Sex As Key To Literature?

The other day I was reading The Atlantic Monthly and came across a statement by one of their reviewers who noted that he had “never bothered with the genre” of science fiction because of its “dearth of sex.” After I re-read the statement to make sure I had read what I thought I had read, I began to think about his aside.

The assumptions contained in and implied by that statement, besides being flat-out incorrect, also illustrate, I believe, the ignorance and intellectual poverty of those who have anointed themselves as the U.S. literary “establishment.”

First, to say that sex is not part of the SF genre, as anyone who has read it widely knows, is patently false. To paraphrase a noted scientist, that statement is so incorrect that it’s not even wrong. Now, I happen to be older than the reviewer is, and while the SF of the 1950s, with some notable exceptions by Philip Jose Farmer and others, did not deal with sex directly, since the 1960s there’s certainly been a significant segment of fantasy and science fiction that deals with sex, sometimes far more graphically than is to my taste, and it often deals with sexual issues that few mainstream novelists explore. Even in the comparatively prudish 1950s and earlier, however, F&SF dealt with sexual dynamics, if not always that well. Admittedly, in those days, it seldom went past the bedroom doors. But in that period, comparatively little English language fiction did so.

To make such a totally inaccurate assertion, even as an aside, about another fiction genre reveals both ignorance and contempt, leavened heavily with arrogance.

Second, the paramount implication of the reviewer’s statement is that no fiction genre which does not deal graphically with sex can claim to be literature, nor can it be considered as such. While I will be among the first to note that sex and sexual tensions are among the primary drivers of human behavior, I will also note that to explore the social, practical, political, and psychological implications of sexually-motivated human behavior does not require that each and every novel explore in graphic or even semi-graphic details the mechanics of sexual plumbing.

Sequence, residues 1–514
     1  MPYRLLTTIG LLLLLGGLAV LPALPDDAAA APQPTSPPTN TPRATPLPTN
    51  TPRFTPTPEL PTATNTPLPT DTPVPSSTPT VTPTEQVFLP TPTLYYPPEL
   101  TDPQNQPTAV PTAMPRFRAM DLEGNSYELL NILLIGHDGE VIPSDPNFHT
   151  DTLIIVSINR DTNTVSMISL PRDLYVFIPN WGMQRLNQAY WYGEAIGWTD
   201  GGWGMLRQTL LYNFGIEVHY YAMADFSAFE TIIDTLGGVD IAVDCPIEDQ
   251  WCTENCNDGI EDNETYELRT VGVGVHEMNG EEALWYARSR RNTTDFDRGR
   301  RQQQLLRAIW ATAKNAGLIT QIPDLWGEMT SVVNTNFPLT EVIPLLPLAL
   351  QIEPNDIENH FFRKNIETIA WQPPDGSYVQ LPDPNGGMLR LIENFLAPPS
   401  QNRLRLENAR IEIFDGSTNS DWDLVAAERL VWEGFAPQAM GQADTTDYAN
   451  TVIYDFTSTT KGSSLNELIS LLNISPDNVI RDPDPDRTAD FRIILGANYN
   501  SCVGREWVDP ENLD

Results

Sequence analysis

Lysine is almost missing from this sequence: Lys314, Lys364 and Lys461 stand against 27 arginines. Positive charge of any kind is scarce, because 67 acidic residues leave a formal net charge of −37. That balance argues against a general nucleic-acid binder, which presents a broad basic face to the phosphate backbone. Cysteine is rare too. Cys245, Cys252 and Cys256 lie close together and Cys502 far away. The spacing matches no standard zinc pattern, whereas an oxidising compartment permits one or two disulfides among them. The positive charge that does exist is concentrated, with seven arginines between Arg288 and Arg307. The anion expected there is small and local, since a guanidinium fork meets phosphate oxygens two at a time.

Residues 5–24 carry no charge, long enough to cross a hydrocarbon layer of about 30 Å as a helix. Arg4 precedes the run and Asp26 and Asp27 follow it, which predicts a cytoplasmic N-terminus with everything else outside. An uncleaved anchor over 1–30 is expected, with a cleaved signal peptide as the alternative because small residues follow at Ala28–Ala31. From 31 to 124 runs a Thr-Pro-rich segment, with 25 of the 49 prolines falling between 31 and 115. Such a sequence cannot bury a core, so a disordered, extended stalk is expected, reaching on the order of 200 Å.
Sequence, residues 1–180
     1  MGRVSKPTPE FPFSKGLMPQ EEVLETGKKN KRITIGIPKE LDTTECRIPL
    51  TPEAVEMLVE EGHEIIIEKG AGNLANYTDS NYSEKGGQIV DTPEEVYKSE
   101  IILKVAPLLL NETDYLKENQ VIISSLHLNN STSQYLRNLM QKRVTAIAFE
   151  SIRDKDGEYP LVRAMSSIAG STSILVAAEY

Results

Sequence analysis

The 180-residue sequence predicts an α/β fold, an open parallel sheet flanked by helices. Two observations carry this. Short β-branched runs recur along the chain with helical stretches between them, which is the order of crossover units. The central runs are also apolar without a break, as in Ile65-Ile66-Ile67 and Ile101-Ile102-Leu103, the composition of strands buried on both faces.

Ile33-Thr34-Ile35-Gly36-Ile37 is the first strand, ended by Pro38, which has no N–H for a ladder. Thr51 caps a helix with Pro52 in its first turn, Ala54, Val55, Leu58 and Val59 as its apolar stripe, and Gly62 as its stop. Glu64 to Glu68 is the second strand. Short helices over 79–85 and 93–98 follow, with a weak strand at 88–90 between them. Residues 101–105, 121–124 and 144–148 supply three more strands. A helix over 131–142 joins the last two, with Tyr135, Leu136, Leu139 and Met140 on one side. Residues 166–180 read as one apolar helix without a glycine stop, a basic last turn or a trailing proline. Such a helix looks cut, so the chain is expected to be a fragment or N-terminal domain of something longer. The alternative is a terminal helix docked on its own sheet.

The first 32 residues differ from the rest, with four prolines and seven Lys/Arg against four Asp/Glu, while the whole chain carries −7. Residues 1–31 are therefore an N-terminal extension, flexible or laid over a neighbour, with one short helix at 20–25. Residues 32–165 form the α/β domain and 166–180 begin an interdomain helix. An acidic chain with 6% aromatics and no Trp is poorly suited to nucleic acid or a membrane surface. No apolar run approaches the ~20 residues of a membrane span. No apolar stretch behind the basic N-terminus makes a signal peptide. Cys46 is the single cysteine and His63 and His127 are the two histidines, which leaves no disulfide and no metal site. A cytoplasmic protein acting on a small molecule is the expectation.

Third, the emphasis on sex, and its graphic portrayal novelistically, is in fact sexist. Humans do have sexual drives, but their biological basis is skewed by gender. Put relatively bluntly… men want sex; women want sex with attached conditions, such as security, closeness, babies and protection. This is not to say that there are no men who want closeness and children and no women who want sex for itself, but there is a biologic bias in the direction I indicated. The graphic portrayal of physical intimacy is, in most cases, effectively exalting the masculine preference.

Fourth, graphic portrayal of sexual intercourse is all too often, but not always, merely a tool for selling more books, and as such, a confession of literary ineptitude. If a writer cannot carry his or her readers without lots of sex and plumbing, what are the literary and redeeming qualities of the work? A good writer ought to be able to make the moment when a character leafs through a telephone directory [or an email address list] interesting, and without a striptease being involved. This does not mean that there are not novels that deal well and meaningfully with sex and physical intimacy. There certainly are, but there aren’t nearly so many as their authors think there are.

All in all, I found that single aside in a three page review far more revealing than anything else on those pages, including the basics of the review itself, which, by the way, was about a biography of Kingsley Amis.